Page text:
• Armed conflicts, genocides and other forms of deadly violence against civilians.
      • Fatalities from political violence.
      • Numbers of refugees and other displaced peoples.
      • Respect for human rights.
      "The miniAtlas brings dull statistics to life to reveal changing worldwide security trends,” Nick Grono, Deputy President, International Crisis Group.
      Association Between Armed Conflict and Political and Economic Factors
      The miniAtlas shows that conflicts are far less prevalent in high-and middle-income countries–– supporting the UN’s contention that economic development may be an important form of long-term conflict prevention.
      The miniAtlas also points to the association between the increase in peacekeeping operations in post-conflict countries from the early 1990s, and the decline in the number of wars being fought around the world.
      In addition to peacekeeping, the miniAtlas tracks a number of other indicators of the extraordinary post-Cold War increase in international activism directed at stopping wars and preventing them from starting again.
      While the trends that the miniAtlas describes are certainly encouraging, there is no guarantee that they will continue––and certainly no room for complacency.
      However, the evidence suggests that a sustained commitment to what the UN calls “peacemaking” (initiatives to stop wars) and “peacebuilding” (policies to prevent them from starting again), can play a critical role in furthering the international community’s efforts to achieve the primary goal of the United Nations Charter––to save future generations from the “scourge of war.”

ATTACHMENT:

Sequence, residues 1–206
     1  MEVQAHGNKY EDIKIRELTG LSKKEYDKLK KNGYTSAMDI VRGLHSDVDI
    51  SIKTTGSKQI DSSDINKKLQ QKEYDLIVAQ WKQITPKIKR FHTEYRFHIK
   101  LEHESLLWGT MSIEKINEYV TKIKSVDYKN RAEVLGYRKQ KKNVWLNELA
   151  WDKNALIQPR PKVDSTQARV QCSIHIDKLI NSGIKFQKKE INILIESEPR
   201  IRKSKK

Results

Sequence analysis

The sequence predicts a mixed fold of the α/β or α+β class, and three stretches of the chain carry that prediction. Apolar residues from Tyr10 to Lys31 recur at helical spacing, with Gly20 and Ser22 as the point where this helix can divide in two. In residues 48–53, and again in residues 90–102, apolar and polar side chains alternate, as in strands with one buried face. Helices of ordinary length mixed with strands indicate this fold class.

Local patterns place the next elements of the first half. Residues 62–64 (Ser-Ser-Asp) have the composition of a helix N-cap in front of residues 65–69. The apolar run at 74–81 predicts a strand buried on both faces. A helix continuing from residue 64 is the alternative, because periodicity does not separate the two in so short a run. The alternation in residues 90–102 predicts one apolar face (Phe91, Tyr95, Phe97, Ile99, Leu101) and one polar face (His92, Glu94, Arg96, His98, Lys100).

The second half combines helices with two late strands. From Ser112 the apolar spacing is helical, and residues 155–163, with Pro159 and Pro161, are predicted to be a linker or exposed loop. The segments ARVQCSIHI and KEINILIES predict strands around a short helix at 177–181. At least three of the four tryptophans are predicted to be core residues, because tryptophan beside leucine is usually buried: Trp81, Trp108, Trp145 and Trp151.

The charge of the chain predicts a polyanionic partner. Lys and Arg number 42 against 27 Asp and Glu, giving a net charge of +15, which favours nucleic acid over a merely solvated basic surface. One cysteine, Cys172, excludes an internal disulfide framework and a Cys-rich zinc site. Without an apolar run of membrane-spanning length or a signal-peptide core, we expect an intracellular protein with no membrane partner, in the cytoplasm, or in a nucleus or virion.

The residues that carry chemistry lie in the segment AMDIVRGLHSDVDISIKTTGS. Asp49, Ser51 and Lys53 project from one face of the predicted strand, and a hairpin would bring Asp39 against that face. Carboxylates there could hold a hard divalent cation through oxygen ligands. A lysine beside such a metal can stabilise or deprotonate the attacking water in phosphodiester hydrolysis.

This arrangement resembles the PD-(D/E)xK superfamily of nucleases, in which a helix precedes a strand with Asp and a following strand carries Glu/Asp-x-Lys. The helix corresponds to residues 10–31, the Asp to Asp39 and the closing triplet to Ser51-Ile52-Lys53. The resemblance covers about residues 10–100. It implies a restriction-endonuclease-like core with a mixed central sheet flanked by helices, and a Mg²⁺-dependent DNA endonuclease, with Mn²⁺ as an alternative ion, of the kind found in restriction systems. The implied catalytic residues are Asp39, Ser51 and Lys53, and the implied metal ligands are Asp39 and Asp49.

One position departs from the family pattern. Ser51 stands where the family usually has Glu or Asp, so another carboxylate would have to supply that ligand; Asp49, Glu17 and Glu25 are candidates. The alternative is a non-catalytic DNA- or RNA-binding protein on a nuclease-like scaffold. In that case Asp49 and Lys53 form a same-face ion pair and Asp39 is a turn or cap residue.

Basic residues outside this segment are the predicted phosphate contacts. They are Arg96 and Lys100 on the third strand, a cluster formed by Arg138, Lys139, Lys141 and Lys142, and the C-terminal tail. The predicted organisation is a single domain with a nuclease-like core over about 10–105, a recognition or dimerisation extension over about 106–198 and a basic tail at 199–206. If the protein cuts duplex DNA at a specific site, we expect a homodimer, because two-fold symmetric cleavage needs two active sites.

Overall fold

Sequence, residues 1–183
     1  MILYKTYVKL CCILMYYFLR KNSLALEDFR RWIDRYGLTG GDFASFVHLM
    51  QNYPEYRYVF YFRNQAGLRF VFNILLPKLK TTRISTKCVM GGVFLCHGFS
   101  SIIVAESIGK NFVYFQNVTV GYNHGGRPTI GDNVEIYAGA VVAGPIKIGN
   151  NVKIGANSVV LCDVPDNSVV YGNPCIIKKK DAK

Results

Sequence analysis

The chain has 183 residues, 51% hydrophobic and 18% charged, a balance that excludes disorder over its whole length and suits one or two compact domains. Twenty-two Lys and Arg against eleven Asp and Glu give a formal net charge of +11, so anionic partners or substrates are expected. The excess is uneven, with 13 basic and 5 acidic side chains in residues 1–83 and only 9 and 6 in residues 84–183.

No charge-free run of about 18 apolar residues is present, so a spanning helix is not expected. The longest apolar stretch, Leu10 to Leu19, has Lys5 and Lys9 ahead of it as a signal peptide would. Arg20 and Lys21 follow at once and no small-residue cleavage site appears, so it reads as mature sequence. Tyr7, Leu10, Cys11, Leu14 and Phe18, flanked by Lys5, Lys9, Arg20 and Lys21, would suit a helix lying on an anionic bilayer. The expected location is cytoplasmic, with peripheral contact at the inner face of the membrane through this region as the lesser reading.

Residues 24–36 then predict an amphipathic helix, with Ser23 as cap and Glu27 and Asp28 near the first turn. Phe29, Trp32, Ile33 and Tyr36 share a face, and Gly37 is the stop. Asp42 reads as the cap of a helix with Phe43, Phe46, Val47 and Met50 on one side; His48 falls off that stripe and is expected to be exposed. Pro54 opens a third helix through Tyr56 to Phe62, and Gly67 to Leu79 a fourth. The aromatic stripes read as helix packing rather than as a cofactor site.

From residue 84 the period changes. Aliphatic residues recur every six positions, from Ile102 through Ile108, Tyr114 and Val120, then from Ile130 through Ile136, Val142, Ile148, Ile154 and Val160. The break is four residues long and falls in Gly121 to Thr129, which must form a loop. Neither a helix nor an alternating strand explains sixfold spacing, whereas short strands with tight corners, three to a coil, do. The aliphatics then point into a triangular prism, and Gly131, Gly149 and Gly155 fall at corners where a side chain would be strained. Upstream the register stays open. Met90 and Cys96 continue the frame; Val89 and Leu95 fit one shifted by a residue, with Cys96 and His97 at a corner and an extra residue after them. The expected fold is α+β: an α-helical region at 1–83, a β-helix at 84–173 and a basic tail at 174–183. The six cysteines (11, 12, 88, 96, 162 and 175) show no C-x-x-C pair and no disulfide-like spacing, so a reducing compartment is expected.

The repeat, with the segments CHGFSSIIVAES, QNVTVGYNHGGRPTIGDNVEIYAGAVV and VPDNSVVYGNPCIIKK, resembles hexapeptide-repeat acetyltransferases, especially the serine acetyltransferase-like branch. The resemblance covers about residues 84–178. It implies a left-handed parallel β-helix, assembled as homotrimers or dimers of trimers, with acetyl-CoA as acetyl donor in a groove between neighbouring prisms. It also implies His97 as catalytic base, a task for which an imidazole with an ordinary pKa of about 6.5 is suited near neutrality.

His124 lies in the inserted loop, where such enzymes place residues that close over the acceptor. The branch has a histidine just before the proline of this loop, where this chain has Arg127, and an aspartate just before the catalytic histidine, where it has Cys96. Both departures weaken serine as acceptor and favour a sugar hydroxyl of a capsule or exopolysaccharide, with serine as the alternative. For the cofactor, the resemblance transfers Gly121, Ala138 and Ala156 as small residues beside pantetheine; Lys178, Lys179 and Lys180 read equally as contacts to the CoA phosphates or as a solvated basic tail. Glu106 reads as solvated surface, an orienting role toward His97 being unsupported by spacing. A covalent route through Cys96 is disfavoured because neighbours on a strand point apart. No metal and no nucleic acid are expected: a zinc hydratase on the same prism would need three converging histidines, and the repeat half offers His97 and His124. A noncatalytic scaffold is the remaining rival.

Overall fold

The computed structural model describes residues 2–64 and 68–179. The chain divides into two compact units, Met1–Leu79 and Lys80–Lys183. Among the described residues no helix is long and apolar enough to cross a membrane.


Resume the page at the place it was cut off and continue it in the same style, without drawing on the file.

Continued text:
miniAtlas of Human Security
      May 2008, 64 pages, US$ 9.95

      English ISBN 978-0-8213-7221-0
      French ISBN 978-0-8213-7489-4
      Spanish ISBN 978-9-5883-0740-4

      The miniAtlas can be accessed on the web at:
      or purchased through: www.worldbank.org/publications
      (up to 50% discount available for customers in developing countries)

      The miniAtlas of Human Security was funded by the International Development Research Centre , Canada and the Department for International Development, United Kingdom . Its findings should not be taken to represent the views of these or any other government, or of the Executive Directors of the International Development Bank for Reconstruction and the Development/World Bank or the governments they represent.

      The Human Security Report Project (HSRP) conducts research on global and regional trends in political violence, their causes and consequences and makes this research accessible to the policy and research communities, the media, educators and the interested public.
      The HSRP’s flagship publication, the Human Security Report, is complemented by the Human Security Brief series, the Human Security Gateway (an online database of human security resources), the Afghanistan Conflict Monitor (a website highlighting new research and analysis on the conflict in Afghanistan), and three online bulletins, Human Security News, Afghanistan Security News and Human Security Research.